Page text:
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20 Ways to help your student with Asperger Syndrome. Melissa Trautman, M.S. Ed. Southeast ASD Regional Coordinator mtrautman@esu6.org 402-761-3341 www.esu6.org/services/asd_home.htm http://seasdnetwork.wordpress.com. #1 Learn about Asperger Syndrome.

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20 ways to help your student with asperger syndrome

20 Ways to help your student with Asperger Syndrome

Melissa Trautman, M.S. Ed.

Southeast ASD Regional Coordinator





asperger s disorder diagnostic criteria
Asperger’s Disorder: Diagnostic Criteria
  • Impairments in social interactions
  • Restricted interests/patterns of behavior
    • Persistent, preoccupation with special topics/interests
    • Interferes with learning & social interests
  • No significant delay in early language and cognition
  • Exclusion of autism first
  • IQ
  • Grammar and vocabulary
  • Rote memory
  • Absorbs facts easily
  • Interests in social world
  • Special talents
additional areas of difficulty
Additional Areas of Difficulty
  • Social Understanding/Social Info. Processing
      • Peer Interactions
      • Interactions with Teachers/Adults
  • Language Use & Comprehension
  • Sensory/Motor
  • Academic
  • Problem Solving
  • Flexibility
  • Emotional Regulation

Diane Adreon and Dena Gitilitz, 2002

problems associated with academic success
Problems associated with Academic Success:

Students may experience difficulty in:

  • Attending to relevant stimuli
  • Following auditory instructions
  • Understanding what to do & how to do it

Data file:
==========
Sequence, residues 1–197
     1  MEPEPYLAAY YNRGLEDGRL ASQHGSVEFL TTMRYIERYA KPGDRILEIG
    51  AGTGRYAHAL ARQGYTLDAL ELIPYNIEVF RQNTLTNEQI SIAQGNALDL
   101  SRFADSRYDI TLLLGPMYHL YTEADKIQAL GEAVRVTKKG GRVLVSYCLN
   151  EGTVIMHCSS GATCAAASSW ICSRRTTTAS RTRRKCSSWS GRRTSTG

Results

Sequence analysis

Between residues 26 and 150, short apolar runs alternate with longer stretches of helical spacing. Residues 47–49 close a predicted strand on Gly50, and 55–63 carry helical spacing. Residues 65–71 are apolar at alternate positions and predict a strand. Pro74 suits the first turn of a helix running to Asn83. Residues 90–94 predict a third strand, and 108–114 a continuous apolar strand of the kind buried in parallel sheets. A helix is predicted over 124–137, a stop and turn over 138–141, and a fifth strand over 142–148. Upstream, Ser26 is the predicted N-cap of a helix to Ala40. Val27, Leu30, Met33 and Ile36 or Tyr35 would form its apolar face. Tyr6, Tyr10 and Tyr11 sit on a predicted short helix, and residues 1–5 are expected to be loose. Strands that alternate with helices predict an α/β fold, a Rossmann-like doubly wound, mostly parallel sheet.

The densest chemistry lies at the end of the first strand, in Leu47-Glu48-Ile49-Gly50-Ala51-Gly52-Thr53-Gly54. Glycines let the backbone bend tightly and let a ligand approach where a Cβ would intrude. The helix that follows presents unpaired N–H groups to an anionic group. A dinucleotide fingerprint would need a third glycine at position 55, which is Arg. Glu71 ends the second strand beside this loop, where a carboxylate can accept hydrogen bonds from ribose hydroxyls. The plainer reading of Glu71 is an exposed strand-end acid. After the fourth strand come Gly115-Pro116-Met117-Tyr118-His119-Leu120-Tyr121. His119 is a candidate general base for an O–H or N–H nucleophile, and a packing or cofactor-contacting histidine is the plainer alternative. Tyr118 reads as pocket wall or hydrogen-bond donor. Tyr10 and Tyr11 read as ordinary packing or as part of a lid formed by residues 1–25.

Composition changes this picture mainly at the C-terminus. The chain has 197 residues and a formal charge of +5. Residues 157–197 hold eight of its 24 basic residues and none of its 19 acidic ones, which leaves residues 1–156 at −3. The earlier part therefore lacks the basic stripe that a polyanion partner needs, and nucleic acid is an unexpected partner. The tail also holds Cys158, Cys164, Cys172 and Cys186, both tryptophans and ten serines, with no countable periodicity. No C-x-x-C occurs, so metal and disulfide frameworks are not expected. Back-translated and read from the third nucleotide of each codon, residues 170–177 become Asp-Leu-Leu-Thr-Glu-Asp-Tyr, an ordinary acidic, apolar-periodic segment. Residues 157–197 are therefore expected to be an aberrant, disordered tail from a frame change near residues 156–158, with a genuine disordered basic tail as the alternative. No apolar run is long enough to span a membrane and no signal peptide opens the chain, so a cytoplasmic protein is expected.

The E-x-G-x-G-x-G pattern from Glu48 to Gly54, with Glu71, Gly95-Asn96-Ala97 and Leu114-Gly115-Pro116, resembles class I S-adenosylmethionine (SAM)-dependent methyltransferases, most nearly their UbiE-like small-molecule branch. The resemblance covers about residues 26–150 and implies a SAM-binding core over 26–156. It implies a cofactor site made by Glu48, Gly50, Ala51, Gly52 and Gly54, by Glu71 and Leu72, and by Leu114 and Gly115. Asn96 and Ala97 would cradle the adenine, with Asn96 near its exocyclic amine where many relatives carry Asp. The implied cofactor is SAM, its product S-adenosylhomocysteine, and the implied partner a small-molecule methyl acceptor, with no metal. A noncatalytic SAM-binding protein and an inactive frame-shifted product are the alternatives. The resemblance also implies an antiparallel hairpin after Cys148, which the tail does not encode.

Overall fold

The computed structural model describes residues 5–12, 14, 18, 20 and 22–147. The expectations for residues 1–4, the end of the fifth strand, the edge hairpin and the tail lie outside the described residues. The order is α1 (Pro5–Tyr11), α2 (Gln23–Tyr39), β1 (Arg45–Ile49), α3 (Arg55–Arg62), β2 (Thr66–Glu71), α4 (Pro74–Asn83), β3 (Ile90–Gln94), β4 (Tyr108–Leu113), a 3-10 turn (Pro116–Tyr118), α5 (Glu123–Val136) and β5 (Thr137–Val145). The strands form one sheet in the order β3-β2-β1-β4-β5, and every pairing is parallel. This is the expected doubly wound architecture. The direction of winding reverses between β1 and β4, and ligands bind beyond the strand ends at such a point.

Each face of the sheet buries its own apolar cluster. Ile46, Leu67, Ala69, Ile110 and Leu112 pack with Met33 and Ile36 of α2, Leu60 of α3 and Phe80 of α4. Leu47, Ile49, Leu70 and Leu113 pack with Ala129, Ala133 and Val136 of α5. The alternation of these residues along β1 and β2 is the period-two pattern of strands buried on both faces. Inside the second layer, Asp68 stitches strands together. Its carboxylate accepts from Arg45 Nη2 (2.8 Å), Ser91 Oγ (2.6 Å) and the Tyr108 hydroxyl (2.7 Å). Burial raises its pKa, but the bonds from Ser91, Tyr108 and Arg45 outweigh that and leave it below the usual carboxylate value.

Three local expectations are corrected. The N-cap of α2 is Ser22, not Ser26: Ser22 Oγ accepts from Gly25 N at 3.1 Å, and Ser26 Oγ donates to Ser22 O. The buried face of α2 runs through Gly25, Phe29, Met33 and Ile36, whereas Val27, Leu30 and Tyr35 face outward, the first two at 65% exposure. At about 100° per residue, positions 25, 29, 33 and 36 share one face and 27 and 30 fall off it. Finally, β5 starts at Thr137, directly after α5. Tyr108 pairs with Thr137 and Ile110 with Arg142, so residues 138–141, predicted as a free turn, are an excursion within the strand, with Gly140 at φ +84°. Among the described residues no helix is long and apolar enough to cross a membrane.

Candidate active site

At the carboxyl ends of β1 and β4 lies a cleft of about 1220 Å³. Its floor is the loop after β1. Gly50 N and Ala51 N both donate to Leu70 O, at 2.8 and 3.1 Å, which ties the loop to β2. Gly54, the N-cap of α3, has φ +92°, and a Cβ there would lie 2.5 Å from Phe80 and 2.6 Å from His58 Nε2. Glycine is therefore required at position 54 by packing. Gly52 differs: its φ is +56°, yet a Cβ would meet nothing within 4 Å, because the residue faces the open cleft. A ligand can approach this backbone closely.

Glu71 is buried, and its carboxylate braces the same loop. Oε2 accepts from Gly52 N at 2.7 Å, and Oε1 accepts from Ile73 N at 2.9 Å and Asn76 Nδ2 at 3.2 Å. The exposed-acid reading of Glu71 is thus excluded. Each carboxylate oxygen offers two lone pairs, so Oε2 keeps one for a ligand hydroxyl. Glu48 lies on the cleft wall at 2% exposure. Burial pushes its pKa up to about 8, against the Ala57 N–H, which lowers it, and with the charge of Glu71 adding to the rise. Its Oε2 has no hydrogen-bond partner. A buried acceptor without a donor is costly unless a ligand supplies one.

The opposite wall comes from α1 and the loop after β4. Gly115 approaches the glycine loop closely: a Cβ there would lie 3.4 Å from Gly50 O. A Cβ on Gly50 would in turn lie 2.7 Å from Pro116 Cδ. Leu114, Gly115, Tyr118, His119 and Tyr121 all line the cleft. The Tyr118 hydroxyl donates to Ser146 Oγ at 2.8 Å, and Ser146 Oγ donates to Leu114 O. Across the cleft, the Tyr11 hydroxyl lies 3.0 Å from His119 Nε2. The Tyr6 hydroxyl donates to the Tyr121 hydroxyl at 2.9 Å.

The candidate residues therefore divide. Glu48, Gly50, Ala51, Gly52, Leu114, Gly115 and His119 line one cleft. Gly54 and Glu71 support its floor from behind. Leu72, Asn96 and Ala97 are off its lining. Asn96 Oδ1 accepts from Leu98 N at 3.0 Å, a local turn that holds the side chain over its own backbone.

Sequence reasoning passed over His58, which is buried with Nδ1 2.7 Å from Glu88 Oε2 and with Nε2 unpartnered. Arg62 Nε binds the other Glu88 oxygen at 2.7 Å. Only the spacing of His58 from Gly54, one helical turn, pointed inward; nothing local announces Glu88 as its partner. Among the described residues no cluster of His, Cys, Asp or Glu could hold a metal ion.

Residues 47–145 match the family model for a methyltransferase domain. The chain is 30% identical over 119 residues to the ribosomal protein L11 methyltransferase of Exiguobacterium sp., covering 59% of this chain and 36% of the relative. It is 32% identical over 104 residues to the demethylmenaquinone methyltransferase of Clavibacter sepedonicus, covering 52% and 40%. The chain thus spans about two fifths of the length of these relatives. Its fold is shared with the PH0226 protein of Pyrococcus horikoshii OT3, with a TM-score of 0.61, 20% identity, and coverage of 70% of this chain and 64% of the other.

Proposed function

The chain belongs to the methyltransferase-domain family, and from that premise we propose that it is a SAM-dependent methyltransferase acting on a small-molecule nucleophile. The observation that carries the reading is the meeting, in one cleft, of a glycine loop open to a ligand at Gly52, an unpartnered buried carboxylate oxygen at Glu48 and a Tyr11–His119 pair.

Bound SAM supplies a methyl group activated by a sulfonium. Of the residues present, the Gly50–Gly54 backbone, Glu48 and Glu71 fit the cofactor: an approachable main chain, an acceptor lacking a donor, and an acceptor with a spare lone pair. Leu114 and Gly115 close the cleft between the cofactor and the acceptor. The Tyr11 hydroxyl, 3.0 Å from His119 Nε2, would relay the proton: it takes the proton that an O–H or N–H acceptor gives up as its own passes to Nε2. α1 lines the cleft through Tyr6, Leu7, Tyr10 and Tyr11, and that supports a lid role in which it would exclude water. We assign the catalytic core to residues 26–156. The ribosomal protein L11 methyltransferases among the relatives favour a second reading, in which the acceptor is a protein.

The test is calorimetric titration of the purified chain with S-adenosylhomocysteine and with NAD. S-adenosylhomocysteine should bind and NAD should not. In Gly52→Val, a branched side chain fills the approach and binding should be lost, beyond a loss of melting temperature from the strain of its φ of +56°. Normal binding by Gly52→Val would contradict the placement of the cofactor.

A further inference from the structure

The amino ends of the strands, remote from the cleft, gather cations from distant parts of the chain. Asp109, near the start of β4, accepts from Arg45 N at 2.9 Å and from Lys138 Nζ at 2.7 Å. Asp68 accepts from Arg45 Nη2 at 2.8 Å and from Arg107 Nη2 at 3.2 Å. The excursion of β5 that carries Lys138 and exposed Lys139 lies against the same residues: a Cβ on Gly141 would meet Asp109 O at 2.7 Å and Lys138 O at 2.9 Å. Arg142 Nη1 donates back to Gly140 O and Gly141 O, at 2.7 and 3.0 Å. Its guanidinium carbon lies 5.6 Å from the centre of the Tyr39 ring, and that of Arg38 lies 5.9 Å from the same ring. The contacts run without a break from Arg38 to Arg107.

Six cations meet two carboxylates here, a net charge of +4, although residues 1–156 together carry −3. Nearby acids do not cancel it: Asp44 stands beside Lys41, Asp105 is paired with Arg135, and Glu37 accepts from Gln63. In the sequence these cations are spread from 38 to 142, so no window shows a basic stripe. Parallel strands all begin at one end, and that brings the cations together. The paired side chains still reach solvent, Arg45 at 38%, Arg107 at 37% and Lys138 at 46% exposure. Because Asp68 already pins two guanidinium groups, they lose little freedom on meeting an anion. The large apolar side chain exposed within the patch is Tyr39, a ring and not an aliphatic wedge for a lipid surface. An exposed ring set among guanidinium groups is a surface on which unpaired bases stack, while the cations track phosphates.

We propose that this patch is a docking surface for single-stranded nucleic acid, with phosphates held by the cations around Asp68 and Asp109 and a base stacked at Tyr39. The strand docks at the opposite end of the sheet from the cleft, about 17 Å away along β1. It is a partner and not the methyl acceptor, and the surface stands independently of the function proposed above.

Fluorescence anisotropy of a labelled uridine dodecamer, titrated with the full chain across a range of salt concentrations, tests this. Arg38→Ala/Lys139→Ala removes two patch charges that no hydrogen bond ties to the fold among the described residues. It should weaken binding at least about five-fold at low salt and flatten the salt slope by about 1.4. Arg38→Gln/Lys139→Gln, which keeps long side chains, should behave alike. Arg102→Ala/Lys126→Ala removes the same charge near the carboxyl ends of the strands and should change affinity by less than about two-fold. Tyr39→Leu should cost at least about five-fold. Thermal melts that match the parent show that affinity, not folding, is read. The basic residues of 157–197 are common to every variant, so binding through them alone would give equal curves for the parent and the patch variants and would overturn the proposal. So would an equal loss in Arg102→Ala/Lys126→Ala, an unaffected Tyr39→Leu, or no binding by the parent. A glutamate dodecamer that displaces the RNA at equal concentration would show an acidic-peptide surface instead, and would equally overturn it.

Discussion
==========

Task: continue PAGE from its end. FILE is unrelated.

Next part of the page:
• Generalizing knowledge
  • Applying knowledge
  • Planning
  • Organization
2 know your student
#2 Know your student
  • What are your student’s strengths?
  • What are your student’s areas of growth?
  • What does your student like to do/areas of interest?
3 build a relationship with your student
#3Build a relationship with your student
  • Spend time doing activities the child likes
  • Show interest in their life and activities
  • Find reinforcement that the student likes
4 set a calm positive tone
#4 Set a calm, positive tone
  • Use a calm voice when speaking
  • Give facts in an unemotional tone of voice
  • Express information in a logical sequence
  • Control your emotions!
5 be generous with praise
#5 be generous with praise
  • Be specific with your praise
  • Compliment attempts and successes
  • Praise helps foster understanding about events (i.e. studying for a test, grades)
6 provide reassurance
#6Provide reassurance
  • Reduce uncertainty to help with anxiety
  • Check in on a regular basis and provide reassurance
  • Break down tasks into smaller steps
7 priming
  • Priming is a strategy where adults help students know of what is coming up ahead of time.
  • Priming can be used for
    • Academics
    • Daily schedule
    • Substitutes
    • Behavioral expectations
    • Social situations
8 listen to the words
#8Listen to the words
  • Listen to the student – interpret what they are saying
  • “I can’t do it” may mean….
    • I can’t find my book
    • I don’t understand the directions
    • I have to go to the bathroom now and I can’t do my assignment until I go.
    • I can’t concentrate because I am upset that I lost my favorite toy.
9 watch for literalness
#9Watch for Literalness
  • Have difficulty understanding metaphors, idioms, sarcasm
  • “Say what you mean and mean what you say!”
  • Use specific directions
10 social autopsies
#10 Social Autopsies
  • Developed by Richard Lavoie
  • Supportive and constructive problem solving strategy
  • Analyze the problem with an adult
  • Helps see the cause and effect relationship of his or her behavior and others
11 teach the hidden curriculum
#11Teach the Hidden Curriculum